Mesothelium


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mesothelium

[‚me·zō′thē·lē·əm]
(anatomy)
The simple squamous-cell epithelium lining the pleural, pericardial, peritoneal, and scrotal cavities.
(embryology)
The lining of the wall of the primitive body cavity situated between the somatopleure and splanchnopleure.

Mesothelium

 

in vertebrates and man, the epithelial tissue that lines the serous membranes of the body cavity (peritoneum, pleura, pericardium).

Mesothelium is formed from mesoderm. It consists of a single layer of densely arranged flat polygonal cells. In lower vertebrates (cyclostomes, fish, amphibians), mesothelial cells are wholly or partly furnished with cilia. In mammals and man, the surfaces of the cells are covered with microvilli, which assist in the absorption and excretion of cavitary fluid. Mesothelium is highly sensitive to external influences. When the serous membranes are irritated and an inflammatory reaction results, the continuity of the mesothelial layer is interrupted, the cells are destroyed, and the underlying connective tissue is exposed. The connective tissue cells then penetrate the irritated area and phagocytize the dying tissue areas and, in septic inflammation, the bacteria. The connective tissue then proliferates, demarcating the focus of irritation and forming adhesions. Mesothelium grows over the adhesions, preventing them from further development and preventing visceral concrescence.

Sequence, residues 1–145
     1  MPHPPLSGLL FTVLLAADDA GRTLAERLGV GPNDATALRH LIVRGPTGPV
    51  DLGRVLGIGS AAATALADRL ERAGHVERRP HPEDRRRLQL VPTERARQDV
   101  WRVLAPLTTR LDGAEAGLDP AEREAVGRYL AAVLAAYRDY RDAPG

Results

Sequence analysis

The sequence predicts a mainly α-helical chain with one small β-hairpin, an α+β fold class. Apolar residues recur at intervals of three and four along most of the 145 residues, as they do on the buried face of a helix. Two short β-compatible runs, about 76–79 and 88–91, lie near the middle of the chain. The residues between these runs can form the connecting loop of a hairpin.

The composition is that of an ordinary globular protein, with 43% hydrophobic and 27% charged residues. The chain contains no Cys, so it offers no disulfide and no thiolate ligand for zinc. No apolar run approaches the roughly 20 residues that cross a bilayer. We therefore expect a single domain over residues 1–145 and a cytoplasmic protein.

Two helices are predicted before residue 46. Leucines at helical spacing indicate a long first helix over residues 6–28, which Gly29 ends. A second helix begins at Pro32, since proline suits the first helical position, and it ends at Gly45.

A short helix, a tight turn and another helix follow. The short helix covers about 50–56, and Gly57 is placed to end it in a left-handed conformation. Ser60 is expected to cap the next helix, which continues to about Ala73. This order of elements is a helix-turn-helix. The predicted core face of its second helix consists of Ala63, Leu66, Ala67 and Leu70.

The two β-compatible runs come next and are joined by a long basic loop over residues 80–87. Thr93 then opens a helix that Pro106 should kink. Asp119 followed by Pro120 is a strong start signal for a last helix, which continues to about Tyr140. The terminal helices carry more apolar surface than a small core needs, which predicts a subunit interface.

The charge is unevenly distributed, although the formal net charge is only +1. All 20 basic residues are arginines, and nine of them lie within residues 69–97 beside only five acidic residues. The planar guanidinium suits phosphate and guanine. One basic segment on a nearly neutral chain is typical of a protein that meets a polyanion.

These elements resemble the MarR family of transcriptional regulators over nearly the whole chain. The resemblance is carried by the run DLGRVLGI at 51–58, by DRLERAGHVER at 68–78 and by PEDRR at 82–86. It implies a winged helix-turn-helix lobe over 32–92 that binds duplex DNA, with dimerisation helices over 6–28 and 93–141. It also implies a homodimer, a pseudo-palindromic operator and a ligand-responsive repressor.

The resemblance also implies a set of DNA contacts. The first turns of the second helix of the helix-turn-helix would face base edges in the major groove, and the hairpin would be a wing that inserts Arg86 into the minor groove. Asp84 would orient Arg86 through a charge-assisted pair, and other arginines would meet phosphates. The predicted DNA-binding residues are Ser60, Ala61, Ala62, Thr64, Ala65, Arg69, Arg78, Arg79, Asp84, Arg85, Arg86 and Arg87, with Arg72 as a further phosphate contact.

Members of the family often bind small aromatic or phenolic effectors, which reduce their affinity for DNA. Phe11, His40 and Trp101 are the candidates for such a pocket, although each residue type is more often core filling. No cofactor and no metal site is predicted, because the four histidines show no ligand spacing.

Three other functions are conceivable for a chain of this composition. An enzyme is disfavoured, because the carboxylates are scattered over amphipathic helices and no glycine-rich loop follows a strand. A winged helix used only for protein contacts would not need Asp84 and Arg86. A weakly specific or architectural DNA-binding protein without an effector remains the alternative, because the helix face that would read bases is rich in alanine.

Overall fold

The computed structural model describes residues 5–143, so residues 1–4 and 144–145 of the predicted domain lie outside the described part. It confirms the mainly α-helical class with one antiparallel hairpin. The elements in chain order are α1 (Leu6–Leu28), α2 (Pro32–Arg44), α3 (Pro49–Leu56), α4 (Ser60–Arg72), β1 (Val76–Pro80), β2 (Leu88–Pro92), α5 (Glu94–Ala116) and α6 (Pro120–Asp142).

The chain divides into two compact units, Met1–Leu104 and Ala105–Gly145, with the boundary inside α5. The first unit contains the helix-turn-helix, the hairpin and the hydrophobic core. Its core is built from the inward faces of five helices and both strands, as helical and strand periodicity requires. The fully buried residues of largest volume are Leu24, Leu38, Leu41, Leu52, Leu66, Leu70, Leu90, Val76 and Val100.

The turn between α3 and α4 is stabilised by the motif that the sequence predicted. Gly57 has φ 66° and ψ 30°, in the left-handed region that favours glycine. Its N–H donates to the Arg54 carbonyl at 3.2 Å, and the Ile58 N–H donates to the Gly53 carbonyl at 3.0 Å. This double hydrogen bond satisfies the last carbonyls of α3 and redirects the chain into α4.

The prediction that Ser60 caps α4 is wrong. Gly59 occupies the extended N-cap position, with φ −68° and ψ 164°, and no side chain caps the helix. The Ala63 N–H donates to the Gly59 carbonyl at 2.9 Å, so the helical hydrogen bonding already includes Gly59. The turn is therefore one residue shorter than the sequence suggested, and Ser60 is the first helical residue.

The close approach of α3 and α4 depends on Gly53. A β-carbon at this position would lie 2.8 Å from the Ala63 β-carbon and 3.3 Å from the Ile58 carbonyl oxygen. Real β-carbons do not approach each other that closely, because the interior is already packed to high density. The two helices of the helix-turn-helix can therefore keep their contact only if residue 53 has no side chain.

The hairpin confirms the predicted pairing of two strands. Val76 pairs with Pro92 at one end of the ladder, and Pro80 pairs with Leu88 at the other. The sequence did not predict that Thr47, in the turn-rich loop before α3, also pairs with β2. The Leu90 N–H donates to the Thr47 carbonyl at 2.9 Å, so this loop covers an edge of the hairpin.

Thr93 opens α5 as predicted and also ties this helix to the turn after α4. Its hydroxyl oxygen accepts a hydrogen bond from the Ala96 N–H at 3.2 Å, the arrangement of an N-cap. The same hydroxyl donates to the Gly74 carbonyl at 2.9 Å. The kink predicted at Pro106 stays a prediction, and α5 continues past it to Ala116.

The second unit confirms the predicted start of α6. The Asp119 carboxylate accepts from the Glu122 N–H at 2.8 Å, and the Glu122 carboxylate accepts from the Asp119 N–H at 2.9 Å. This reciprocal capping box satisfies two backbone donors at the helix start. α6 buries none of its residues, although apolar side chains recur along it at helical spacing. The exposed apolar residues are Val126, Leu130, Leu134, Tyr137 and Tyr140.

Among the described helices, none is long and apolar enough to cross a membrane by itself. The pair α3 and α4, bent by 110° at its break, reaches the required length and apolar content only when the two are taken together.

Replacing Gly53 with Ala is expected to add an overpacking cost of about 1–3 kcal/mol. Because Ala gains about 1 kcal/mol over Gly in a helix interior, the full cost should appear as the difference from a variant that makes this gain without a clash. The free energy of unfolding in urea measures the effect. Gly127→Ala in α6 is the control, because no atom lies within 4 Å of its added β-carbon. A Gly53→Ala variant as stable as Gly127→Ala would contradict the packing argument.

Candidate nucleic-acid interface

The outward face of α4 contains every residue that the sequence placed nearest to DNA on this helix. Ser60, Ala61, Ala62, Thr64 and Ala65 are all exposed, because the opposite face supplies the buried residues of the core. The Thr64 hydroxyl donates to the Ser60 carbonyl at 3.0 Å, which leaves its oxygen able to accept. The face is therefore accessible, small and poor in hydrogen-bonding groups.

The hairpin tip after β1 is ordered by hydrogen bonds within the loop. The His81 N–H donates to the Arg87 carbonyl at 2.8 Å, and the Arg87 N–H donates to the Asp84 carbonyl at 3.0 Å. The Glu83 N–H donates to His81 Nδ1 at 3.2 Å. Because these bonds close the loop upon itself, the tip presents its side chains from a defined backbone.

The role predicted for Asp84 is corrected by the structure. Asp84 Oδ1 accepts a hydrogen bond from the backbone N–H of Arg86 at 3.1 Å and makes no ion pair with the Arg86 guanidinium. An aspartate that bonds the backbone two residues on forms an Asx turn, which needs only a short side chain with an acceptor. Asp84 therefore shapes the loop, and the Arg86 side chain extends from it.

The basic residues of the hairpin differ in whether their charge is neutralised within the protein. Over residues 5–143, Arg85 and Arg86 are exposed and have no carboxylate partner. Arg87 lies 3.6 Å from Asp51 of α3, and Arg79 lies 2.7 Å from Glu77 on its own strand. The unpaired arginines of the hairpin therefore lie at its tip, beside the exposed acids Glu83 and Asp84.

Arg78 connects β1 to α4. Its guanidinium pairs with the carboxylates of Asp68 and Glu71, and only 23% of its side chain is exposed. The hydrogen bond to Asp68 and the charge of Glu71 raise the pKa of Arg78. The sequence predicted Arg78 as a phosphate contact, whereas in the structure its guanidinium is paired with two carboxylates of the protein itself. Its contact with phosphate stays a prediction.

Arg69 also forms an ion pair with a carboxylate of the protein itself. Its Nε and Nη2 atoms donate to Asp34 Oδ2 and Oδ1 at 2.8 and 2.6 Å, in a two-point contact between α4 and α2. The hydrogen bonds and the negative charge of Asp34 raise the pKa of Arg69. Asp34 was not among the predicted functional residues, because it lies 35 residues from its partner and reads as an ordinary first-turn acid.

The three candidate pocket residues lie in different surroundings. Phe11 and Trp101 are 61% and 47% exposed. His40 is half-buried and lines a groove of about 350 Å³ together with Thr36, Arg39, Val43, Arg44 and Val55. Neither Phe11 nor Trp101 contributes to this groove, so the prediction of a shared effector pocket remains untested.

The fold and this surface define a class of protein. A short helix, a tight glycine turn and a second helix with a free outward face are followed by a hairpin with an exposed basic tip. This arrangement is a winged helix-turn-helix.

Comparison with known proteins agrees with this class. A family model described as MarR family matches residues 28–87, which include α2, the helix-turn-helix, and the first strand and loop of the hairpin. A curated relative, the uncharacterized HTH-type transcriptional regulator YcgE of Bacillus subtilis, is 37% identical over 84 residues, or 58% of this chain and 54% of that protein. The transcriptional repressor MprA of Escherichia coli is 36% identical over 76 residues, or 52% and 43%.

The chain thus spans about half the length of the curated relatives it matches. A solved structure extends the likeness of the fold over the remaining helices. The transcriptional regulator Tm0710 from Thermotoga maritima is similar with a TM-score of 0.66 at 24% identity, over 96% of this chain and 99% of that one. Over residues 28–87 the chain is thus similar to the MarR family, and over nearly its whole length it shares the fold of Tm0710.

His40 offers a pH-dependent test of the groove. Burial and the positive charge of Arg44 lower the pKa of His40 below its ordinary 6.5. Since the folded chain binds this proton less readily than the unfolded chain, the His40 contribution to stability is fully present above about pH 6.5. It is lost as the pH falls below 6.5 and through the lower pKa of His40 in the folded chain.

References in periodicals archive ?
Histological analysis of the MCs-seeded compound graft showed a single layer of mesothelium formed on the outer surface of the tissue tube after incubation for 7 days (Figure 2(e)).
To evaluate healing of the peritoneal mesothelium, which plays an important role in abdominal adhesion formation, we used immunohistochemistry to determine the expression of cytokeratin in the peritoneal mesothelial cells of the different groups.
Several barrier materials have been used clinically, including hyaluronic acid, carboxymethyl chitin, and oxidized regenerated cellulose, to prevent adhesion by separating the wounded tissues and promoting the repair of mesothelium cells [17-19].
Although many theories have been proposed to describe how the ovarian mesothelium could undergo metaplasia and dysplasia, perhaps the greatest gap in understanding the process of ovarian carcinogenesis from ovarian surface epithelium (OSE) is the recognition of a true precursor lesion of high-grade carcinoma in the ovary.
Although the pathogenesis is poorly understood, it is postulated that these tumours develop through serous or mucinous metaplasia of preexisting coelomic mesothelium. Surgical excision remains the mainstay of successful management.
It has been shown that under normal circumstances, mesothelin is present in several human tissues, including the mesothelium and is aberrantly expressed mainly by MM but also by pancreatic cancer, ovarian cancer or some breast and lung cancers [7,12,19].
It is a proliferation of mesothelium cells of the peritoneum, with a predilection for the pelvic viscera [2].
Most tumors are benign and, contrary to previous beliefs, they do not derive from the mesothelium but rather from dendritic interstitial cells, which express CD34 and have generalized distribution in tissues, a feature that helps to recognize them in other organs [2, 3].
It is significantly expressed by most ovarian epithelial tumors but also by the normal epithelium of the female reproductive system, gastrointestinal mucosal cells, and the luminal surface of mesothelium lining the peritoneum, pleura, and pericardium.
Mesothelioma is a cancerous tumour of the mesothelium, the lining of some of the major organs.
The surface mesothelium of normal serosa is derived from multipotent subserosal cells in the underlying layer of connective tissue.
Mesothelioma is an aggressive form of cancer that occurs in the mesothelium, the thin layer of tissue that covers the lungs and other organs.